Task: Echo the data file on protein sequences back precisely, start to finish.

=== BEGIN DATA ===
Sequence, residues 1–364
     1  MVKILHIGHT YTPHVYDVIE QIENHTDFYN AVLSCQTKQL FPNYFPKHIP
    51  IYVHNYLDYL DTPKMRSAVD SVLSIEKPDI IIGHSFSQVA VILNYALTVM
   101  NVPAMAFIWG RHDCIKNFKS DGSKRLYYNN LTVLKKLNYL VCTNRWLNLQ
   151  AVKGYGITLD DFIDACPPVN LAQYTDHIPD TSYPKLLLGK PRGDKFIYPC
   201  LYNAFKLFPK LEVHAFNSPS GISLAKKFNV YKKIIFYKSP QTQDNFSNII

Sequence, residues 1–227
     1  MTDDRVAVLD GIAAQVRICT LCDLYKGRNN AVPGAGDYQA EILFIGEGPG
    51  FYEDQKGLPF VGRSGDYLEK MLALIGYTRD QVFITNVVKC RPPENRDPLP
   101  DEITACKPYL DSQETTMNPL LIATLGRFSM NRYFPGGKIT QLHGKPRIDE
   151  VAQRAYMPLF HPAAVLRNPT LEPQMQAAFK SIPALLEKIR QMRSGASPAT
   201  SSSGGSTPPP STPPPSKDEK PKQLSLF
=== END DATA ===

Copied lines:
Sequence, residues 1–364
     1  MVKILHIGHT YTPHVYDVIE QIENHTDFYN AVLSCQTKQL FPNYFPKHIP
    51  IYVHNYLDYL DTPKMRSAVD SVLSIEKPDI IIGHSFSQVA VILNYALTVM
   101  NVPAMAFIWG RHDCIKNFKS DGSKRLYYNN LTVLKKLNYL VCTNRWLNLQ
   151  AVKGYGITLD DFIDACPPVN LAQYTDHIPD TSYPKLLLGK PRGDKFIYPC
   201  LYNAFKLFPK LEVHAFNSPS GISLAKKFNV YKKIIFYKSP QTQDNFSNII

Sequence, residues 1–227
     1  MTDDRVAVLD GIAAQVRICT LCDLYKGRNN AVPGAGDYQA EILFIGEGPG
    51  FYEDQKGLPF VGRSGDYLEK MLALIGYTRD QVFITNVVKC RPPENRDPLP
   101  DEITACKPYL DSQETTMNPL LIATLGRFSM NRYFPGGKIT QLHGKPRIDE
   151  VAQRAYMPLF HPAAVLRNPT LEPQMQAAFK SIPALLEKIR QMRSGASPAT
   201  SSSGGSTPPP STPPPSKDEK PKQLSLF